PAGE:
The Convention on Wetlands of international importance (Ramsar) defined wetlands as: "areas of marsh, fen, peatland or water whether natural or artificial, permanent, or temporary, with water that is static or flowing, fresh, brackish or salt, including areas of marine water the depth of which at low tide does not exceed six metres." Natural or artificial marshes, stagnant lakes and ponds, mangroves, swamps, coral reefs and estuarine waters - all form wetlands. These are one of the most productive and naturally endowed systems on earth. These are also some of the most endangered ecosystems. 58.2 million hectares comprise wetlands in India.
The mangroves in India have reduced by half in the last 10 years. Further, 70 to 80 per cent of fresh water marshes and lakes in the Gangetic plains have been lost in the last 50 years.Several human activities threaten wetlands - agriculture, provision of irrigation systems, reallocation of land for urban and forest use. Construction of transport systems and pollution from boats, sewage, pesticides, fertilisers and industrial effluents are some of the major problems.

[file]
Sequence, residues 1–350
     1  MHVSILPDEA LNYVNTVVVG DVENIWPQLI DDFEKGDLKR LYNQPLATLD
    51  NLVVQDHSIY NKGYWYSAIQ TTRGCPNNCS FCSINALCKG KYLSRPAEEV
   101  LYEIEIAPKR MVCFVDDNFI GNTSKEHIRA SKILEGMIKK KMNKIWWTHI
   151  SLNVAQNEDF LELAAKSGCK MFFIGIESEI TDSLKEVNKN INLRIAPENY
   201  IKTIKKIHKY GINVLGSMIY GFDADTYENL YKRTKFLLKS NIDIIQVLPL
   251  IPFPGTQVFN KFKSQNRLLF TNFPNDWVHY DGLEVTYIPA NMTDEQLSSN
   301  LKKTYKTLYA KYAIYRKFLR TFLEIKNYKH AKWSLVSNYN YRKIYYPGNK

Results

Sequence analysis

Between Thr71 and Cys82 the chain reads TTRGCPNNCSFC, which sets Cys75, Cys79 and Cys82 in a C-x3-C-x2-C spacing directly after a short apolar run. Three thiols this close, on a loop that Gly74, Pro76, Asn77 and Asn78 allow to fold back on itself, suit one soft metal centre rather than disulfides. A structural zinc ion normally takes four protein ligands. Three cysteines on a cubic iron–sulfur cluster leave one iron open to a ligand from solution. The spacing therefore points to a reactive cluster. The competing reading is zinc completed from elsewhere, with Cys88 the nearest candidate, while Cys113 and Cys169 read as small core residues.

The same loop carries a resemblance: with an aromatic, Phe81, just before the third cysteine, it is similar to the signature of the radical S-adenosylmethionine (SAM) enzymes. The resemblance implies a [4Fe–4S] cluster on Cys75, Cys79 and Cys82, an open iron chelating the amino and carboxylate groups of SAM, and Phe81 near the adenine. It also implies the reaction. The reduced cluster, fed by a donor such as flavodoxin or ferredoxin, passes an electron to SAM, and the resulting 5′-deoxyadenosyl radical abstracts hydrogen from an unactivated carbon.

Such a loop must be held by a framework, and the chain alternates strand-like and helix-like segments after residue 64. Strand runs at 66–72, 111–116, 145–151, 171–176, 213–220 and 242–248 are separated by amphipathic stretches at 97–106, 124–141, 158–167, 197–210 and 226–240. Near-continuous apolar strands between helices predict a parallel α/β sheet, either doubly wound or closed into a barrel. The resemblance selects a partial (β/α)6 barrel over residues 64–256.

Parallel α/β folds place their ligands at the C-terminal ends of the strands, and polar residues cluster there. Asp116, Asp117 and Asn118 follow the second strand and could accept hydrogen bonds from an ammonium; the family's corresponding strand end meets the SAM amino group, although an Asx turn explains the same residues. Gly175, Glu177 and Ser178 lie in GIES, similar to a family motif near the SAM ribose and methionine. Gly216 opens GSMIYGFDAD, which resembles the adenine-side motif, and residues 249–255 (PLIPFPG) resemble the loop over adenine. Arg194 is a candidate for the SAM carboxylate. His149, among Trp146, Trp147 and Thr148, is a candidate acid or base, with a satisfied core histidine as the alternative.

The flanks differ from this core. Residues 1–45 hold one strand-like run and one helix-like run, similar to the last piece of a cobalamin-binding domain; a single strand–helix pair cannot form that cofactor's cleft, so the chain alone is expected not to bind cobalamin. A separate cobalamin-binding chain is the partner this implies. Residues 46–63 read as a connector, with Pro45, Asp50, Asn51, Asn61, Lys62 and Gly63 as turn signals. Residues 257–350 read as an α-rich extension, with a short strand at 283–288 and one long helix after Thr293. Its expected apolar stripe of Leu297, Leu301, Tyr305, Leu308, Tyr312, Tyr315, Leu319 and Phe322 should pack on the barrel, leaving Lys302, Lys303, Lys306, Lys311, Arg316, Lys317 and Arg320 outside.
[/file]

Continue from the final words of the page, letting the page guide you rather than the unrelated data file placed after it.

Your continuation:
India has signed the Ramsar Convention on Wetlands and the Convention of Biological Diversity. Legislative measures are abundant, but conservation and management programs must now be implemented.